Effects of Schizophrenia

Schizophrenia is a disease of the brain in which a person experiences hallucinations and delusions. Often a person with schizophrenia will think that they are experiencing situations that nobody else is experiencing and this is because, in effect, they are actually experiencing something that nobody else is experiencing. This is because the experience is entirely in the patient's head. Schizophrenia is often mistaken for multiple personality disorder because they share a few of the same symptoms. This article aims to discuss the various effects of schizophrenia.

Schizophrenia is often very hard to diagnose because it shares symptoms with a number of other mental disorders. Unfortunately if the disease is not treated properly, the effects of schizophrenia can be disastrous both on the person who suffers from it and the people who surround him or her. Because the disease is a progressive one, the effects might be small at first but they will grow over time.

The relationships of the schizophrenic will suffer because people on the outside of the disease do not always understand how the disease works. Relationships often fade leaving the schizophrenic to withdraw further from society and he or she will often isolate him or herself. This is especially true of the paranoid schizophrenic who can become suspicious even of their family and friends.

Another one of the effects of schizophrenia is the deterioration of the schizophrenic's every day and work life. This is partly because someone with schizophrenia often has trouble keeping personal relationships going, and partly because the schizophrenic often has disorganized behaviours. This disorganization can make it difficult for him or her to do even the simplest of normal tasks like eating, driving, walking or even bathing.

This deterioration of personal relationships and the inability to carry on with his or her everyday activities can be devastating to a person suffering from schizophrenia, especially if the disease has not been diagnosed or was diagnosed improperly. Schizophrenics depend on help from others to make sure that they stay on their medication and go to their therapy appointments and this is when the disease has been properly diagnosed. A misdiagnosis means that not only is the schizophrenic alienating the people in his or her life, an effect of the disease that is beyond his or her control, but he or she isn't going to understand exactly why functioning properly is suddenly so hard. This can lead to extreme feelings of depression. People with schizophrenia also have higher suicide rates. Schizophrenics are more likely to suffer from alcoholism and drug problems as well.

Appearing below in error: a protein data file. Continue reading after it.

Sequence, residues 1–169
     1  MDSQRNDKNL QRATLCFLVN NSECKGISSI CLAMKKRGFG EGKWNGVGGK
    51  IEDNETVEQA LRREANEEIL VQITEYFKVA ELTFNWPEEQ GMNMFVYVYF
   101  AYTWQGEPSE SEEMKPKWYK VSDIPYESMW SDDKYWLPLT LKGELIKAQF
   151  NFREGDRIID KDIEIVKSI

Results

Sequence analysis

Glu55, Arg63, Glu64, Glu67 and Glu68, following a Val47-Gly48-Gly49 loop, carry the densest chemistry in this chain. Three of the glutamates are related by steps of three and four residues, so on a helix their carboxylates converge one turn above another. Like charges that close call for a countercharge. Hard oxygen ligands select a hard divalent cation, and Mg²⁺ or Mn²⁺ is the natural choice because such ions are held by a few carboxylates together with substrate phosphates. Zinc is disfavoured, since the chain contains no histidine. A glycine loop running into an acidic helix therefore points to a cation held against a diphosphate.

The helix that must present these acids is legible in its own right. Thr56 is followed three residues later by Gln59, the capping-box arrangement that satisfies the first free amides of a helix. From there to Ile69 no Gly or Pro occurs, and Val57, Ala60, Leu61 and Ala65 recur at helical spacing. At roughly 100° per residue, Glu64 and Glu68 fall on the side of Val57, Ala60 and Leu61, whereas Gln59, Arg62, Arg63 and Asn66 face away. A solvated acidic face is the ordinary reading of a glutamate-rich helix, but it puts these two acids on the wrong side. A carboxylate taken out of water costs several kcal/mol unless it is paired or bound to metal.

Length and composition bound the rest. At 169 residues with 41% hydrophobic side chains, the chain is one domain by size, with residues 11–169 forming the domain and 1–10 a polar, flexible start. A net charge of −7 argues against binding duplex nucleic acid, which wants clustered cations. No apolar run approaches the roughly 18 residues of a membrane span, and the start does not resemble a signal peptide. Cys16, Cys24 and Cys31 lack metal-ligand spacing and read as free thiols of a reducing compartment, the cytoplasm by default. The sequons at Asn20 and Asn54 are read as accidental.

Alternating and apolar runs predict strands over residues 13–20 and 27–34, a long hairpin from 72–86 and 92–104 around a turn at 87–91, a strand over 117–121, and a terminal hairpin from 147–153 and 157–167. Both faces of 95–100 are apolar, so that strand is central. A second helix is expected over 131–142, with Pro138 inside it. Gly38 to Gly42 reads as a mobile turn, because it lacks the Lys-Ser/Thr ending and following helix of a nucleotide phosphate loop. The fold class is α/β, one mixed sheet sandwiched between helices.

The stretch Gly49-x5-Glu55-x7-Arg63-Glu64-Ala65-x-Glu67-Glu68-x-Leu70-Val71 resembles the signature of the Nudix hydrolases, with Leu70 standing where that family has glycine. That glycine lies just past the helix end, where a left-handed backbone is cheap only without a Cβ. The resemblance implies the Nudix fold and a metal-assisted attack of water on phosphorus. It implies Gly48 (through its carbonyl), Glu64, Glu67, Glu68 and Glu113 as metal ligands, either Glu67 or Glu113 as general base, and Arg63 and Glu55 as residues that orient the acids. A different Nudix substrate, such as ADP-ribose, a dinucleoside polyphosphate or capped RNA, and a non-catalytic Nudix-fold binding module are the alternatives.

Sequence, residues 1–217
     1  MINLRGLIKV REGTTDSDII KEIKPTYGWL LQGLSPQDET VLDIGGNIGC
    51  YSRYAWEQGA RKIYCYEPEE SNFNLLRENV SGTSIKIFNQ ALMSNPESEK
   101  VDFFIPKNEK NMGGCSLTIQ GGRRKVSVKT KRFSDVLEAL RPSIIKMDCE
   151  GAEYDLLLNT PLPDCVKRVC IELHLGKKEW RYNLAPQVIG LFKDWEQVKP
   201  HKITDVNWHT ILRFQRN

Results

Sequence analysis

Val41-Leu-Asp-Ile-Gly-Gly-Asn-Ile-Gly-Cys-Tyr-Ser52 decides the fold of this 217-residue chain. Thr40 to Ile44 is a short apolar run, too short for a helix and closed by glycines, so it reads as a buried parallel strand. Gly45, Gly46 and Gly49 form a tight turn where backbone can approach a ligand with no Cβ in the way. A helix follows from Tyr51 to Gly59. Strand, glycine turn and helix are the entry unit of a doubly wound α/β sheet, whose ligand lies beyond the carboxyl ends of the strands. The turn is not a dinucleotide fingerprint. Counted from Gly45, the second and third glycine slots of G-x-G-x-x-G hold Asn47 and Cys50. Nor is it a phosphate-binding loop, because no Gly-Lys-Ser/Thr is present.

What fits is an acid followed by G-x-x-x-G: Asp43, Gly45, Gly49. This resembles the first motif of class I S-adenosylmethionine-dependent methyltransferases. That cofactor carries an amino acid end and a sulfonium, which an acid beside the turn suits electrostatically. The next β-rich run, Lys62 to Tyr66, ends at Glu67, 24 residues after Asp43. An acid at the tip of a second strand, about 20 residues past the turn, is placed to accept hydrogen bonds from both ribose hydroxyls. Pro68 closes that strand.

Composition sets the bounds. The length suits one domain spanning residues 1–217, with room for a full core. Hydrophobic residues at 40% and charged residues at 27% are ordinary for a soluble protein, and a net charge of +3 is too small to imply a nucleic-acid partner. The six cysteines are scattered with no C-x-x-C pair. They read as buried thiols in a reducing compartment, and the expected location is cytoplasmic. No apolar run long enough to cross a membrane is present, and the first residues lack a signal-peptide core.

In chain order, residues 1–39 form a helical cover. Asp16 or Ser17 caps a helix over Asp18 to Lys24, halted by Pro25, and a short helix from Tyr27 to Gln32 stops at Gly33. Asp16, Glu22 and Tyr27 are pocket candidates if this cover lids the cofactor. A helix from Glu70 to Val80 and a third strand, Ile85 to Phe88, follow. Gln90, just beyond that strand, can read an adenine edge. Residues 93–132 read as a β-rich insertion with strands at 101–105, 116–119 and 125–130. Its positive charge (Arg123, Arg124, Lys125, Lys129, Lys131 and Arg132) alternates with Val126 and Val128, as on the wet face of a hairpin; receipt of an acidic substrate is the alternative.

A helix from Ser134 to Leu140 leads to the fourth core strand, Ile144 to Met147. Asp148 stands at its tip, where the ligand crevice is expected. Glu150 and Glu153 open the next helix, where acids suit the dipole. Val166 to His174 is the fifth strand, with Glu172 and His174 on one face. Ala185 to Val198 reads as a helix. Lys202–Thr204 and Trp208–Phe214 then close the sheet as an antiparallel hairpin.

Schizophrenics are likely to self medicate using alcohol and drugs, which usually only exacerbate their symptoms. Instead of curing the problem, they end up making the problem far worse, which is one of the most devastating effects of schizophrenia.

It is important for schizophrenia to be diagnosed properly or the effects could be disastrous. As it is, the effects of properly diagnosed schizophrenia can be very severe, but it is better than a wrong diagnosis or leaving the condition untreat

Signs of Schizophrenia  Tip #1

Schizophrenia is not the same thing as having multiple personality disorder. In multiple personality disorder a person has a number of independent identities that all share one host body. Typically one of the personalities is dominant and the others exist under the surface. With Schizophrenia, there could be independent personalities but the person suffering from the disease believes that these identities exist outside of him or herself.

Signs of Schizophrenia Tip #2

There are different types of schizophrenia. The most widely known is that of paranoid schizophrenia in which the schizophrenic believes that there are people who are out to "get" him (or her). Commonly the patient associates himself with an elite group and believes that it is his membership with that group that has made him a target of others.

Signs of Schizophrenia Tip #3

Schizophrenia is normally treated with anti-psychotic drugs. There are new drugs being developed all the time. Other treatments include Electro Convulsive Therapy in which the patient is driven to convulsions by receiving a series of shocks to the brain. This treatment is thought to fix the electrochemical balance of the brain.

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